More fundamentally mistaken notions

 

From   A Primary History: Stories of Heroism By William Harrison Mace

Here is the text with my comments in red.  (Keeping in mind that I am NOT an expert on the subject.  But I am working on it.)

The Battle at Lexington and at Concord Bridge.

As the British soldiers reached Lexington at sunrise, April 19, 1775, the captain of the minutemen gave the command:  "Stand your ground.  Don’t fire unless fired upon.  But if they mean to have war, let it begin here!"  A bold speech for a captain of only about sixty men when facing as brave soldiers as Europe had ever seen! [Hold the presses!  Right here I pretty much knew that we were going to have issues.  Yes, the British Army was the most formidable army on earth at the time.  But, the vast majority of the soldiers that were stationed in Boston in 1775 either had seen very little actual battle action or had seen none.  They were not seasoned soldiers.] The minutemen stood their ground till seven were killed and nine wounded–nearly one-third of their number.  Then they retreated.  [This is wrong.  The militia (actually Lexington had a training band, they were not officially a militia – but for the sake of simplicity, we’ll call them the Lexington Militia) on the Green that day numbered most likely 77 men.  When Captain John Parker saw the numbers arrayed in battle formation before him, he simply told his men to disburse.  It was as they walked away that the shot was fired.  Then, the Army opened fire on them, and after several volleys, lowered their bayonets and charged.]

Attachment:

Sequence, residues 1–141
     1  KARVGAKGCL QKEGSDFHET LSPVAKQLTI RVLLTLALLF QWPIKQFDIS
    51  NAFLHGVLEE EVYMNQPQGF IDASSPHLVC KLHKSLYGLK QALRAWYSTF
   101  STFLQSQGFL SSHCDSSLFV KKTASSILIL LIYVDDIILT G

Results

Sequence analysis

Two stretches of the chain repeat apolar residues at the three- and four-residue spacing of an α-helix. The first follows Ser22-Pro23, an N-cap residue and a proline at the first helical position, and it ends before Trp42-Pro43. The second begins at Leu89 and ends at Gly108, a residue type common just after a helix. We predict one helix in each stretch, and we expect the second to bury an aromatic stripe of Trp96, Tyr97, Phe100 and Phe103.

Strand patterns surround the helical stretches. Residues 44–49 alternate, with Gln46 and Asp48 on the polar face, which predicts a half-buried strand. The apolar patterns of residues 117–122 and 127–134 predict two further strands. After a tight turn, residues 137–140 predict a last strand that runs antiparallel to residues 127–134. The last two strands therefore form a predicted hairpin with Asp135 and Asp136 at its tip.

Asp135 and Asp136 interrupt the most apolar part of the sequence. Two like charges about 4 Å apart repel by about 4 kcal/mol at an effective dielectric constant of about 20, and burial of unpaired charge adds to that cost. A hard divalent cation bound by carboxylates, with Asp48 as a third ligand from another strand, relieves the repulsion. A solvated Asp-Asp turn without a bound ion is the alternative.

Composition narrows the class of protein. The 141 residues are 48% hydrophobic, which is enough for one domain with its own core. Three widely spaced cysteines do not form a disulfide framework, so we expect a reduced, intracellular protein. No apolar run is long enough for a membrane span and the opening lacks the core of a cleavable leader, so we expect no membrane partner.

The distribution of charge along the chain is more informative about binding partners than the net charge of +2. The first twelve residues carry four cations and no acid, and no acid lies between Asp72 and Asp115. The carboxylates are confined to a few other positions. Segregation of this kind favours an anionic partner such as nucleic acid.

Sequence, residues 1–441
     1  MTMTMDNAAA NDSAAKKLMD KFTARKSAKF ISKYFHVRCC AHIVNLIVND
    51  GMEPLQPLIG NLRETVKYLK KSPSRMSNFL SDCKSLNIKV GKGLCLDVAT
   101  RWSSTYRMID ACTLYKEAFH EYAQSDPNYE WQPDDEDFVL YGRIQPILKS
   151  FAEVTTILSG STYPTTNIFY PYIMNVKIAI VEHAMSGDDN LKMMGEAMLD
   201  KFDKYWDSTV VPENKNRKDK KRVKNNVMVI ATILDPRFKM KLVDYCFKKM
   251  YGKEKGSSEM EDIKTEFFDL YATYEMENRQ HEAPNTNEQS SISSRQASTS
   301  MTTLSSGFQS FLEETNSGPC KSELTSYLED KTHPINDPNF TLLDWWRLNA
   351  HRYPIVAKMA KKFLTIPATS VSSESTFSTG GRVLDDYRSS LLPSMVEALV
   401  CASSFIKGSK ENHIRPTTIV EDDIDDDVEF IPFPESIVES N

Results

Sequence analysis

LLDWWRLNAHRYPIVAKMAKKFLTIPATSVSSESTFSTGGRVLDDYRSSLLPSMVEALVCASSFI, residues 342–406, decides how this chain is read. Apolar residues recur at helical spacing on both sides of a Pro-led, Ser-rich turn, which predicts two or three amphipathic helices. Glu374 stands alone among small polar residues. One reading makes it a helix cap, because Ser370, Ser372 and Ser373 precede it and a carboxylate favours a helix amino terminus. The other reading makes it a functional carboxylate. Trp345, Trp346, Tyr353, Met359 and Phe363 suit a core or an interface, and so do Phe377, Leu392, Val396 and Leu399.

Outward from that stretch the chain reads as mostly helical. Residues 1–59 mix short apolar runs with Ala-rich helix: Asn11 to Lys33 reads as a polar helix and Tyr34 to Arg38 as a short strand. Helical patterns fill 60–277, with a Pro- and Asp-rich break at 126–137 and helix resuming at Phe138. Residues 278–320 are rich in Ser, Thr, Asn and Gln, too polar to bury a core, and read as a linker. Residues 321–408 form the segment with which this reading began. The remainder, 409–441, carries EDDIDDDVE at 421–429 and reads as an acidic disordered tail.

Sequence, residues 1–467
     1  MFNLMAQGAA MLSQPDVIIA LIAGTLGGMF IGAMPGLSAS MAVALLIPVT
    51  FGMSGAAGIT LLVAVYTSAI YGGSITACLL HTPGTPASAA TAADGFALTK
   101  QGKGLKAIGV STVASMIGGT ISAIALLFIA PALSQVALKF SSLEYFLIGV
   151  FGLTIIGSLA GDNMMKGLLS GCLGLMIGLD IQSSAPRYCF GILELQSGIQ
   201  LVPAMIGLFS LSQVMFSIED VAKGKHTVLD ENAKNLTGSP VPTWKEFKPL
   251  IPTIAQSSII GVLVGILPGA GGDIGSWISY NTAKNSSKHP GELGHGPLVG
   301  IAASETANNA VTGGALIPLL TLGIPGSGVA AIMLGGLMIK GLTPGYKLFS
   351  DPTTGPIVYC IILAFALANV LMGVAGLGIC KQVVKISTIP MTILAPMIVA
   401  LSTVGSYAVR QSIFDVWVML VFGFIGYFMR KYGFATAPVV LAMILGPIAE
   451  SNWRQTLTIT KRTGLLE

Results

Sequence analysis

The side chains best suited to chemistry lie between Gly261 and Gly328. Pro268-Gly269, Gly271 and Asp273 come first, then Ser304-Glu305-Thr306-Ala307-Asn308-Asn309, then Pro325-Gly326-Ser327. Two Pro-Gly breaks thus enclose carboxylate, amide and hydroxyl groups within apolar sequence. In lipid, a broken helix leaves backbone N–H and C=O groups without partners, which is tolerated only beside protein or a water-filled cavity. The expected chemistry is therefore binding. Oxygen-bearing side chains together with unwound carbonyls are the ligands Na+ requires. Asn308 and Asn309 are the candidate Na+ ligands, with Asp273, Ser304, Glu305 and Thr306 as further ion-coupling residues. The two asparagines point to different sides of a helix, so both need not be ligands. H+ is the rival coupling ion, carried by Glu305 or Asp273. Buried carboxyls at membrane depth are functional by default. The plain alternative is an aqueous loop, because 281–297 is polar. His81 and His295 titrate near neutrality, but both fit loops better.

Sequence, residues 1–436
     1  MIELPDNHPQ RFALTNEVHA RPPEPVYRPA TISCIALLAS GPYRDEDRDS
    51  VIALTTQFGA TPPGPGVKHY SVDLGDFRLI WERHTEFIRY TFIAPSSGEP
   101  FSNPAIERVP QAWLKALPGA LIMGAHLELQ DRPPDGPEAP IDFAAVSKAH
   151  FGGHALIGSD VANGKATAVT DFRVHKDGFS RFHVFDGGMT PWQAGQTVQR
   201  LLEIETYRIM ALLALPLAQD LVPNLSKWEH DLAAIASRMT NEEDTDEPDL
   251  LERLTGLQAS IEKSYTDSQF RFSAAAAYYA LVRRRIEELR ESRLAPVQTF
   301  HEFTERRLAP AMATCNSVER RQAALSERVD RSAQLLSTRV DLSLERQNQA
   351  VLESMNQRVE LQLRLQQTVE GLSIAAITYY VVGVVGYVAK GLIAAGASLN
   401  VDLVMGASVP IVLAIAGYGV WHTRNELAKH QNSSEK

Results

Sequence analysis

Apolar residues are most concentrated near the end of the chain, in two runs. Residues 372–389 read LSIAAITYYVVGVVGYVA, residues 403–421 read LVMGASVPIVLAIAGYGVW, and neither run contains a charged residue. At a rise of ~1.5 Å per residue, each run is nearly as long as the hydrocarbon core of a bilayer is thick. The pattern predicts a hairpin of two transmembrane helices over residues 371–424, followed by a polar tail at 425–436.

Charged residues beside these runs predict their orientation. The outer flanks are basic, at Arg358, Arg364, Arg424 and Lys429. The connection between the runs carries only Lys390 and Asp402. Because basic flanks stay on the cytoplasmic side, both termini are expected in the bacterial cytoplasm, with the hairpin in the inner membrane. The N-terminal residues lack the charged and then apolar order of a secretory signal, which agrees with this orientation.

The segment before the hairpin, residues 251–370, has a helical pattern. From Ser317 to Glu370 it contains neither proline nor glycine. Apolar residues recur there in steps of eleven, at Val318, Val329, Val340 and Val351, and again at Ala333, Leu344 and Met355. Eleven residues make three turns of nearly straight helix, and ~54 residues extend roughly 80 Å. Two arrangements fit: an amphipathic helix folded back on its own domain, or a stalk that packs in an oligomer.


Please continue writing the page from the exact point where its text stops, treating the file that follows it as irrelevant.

The British pushed on to Concord.  But the minutemen, now coming from every direction, made a stand at Concord Bridge.  Their musket fire was so deadly that the British started back, running at times to escape with their lives.  At Lexington they fell upon the ground, tired out with the chase the minutemen gave them, and were met by fresh troops from Boston.

Soon the British soldiers were forced to run again, for minutemen by the hundreds were gathering, and they seldom missed their aim.  From behind rocks, trees, fences, and houses they cut down the tired redcoats.  Nearly three hundred British soldiers were killed or wounded before Boston was reached that night.

 

*** Hat tip to JL Bell at Boston 1775 Blog for the term "fundamentally mistaken notions."   I highly recommend his blog.